Relational Perspectives Book Series , Vol. 15
"Dr. Kainer has written a healing text." So observes James Grotstein in his Foreword to The Collapse of the Self and Its Therapeutic Restoration. Grotstein's word play alludes both to the content of the book-a rich and clinically detailed account of the therapeutic restoration of the self - and to the healing process for analysts themselves that follows from Rochelle Kainer's sensitive integration of heretofore dissociated realms of psychoanalytic theory. More specifically, she attempts to show the natural flow between "subject" and "object" and "internal" and "external" as these concepts have been employed by different schools of psychoanalytic thought. In describing how the reworking of pathological internal object relationships occurs in conjunction with the transformation of selfobject failures, Kainer brings new insight to bear on the healing of the self at the same time as she contributes to healing the historic split in psychoanalysis between Kleinian theory and self psychology.
In clear and readable prose, Kainer brings her viewpoint to life with extensive case illustrations. These illustrations, refracted through the lens of her uniquely integrative perspective, bring refreshing clarity to elusive theoretical concepts. Of special note is Kainer's distinction between normal and pathological identifications, and her subsequent elaboration of the role of identification with ideal objects in the creation of the self. Equally valuable is her introduction of the term "imaginative empathy" to characterize the kind of attunement that is integral to analytic healing; her nuanced description of the relation between imaginative empathy and projective identification bridges the worlds of Kleinian theory and self psychology in an original and compelling way. She ends by spelling out how her theoretical viewpoint leads to a more comprehensive understanding of various clinical phenomena, including sadomasochistic identifications, narcissistic injuries, compulsive eating and autistic self-soothing, and psychotic residues in neurotic structures.
What we have in The Collapse of the Self and Its Therapeutic Restoration, then, is a sophisticated yet accessible work, gracefully written, that elaborates a relational theory of thinking, of creativity, of identification, and of the formation and healing of psychic structure. Kainer's ability to bring the often dissonant voices of different psychoanalytic schools into theoretical harmony as she develops her viewpoint conveys both the breadth of intellectual engagement with colleagues and the depth of clinical engagement with patients that inform her project from beginning to end.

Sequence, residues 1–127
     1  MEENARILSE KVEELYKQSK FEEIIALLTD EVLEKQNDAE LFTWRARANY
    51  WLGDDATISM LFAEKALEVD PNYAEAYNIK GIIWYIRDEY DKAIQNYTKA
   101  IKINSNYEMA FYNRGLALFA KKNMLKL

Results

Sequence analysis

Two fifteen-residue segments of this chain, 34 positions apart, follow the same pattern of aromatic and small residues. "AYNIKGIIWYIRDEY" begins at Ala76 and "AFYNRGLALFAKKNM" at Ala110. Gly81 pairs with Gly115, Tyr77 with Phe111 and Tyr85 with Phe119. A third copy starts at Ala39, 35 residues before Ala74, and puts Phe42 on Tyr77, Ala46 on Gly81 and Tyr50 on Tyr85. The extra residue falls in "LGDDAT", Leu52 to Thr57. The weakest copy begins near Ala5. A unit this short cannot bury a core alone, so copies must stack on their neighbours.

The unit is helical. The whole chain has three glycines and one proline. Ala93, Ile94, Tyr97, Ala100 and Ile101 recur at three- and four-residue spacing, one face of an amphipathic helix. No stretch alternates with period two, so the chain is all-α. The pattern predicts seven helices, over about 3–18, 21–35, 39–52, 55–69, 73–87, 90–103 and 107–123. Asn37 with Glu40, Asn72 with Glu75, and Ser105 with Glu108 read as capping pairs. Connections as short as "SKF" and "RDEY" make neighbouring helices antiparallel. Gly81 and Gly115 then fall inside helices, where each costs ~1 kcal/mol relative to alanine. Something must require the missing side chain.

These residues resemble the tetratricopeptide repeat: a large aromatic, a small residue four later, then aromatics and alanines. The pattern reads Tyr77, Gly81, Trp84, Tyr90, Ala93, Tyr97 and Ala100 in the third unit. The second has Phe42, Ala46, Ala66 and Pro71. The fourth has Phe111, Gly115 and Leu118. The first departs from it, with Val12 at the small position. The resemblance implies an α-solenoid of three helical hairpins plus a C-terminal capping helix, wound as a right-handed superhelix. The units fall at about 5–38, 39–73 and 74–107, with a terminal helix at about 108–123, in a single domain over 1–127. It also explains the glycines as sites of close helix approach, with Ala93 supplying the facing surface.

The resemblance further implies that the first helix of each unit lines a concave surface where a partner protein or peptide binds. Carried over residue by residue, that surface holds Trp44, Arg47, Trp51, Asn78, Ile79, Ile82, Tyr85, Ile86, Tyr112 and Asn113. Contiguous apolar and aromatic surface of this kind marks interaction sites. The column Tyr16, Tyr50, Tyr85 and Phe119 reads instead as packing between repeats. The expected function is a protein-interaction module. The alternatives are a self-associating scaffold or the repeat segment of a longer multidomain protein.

Table of Contents
Foreword by James Grotstein
Part I Creating the Self
Chapter One - Found Objects: On the Nature of Identification
Chapter Two - On Falling in Love with a Work of Art: Identifications in the Creation of the Ideal Self
Chapter Three - Sadomasochistic Identifications: The Formation of the Pathological Part of the Self
Part II The Collapse of the Self
Chapter Four - Narcissistic Injury and its Relation to Paranoid/Schizoid Collapse
Chapter Five - Compulsive Eating: Autistic Self-Soothing in a Neurotic Structure
Chapter Six - Hidden Spaces: Psychotic Residues in a Neurotic Structure
Chapter Seven - From "Hysteroid Dysphoria" to "Posttraumatic Stress Disorder": A Case for Psychoanalysis in the Era of Neurobiology
Chapter Eight - The Role of Projective Identification in Imaginative Empathy
Chapter Nine - Psychic Catastrophe and the Premature Birth of the Self: Implications for Treatment
Chapter Ten - Lifting the Shadow of the Object: Reworking Pathological Internal Object-Relationships and Transforming Selfobject Failures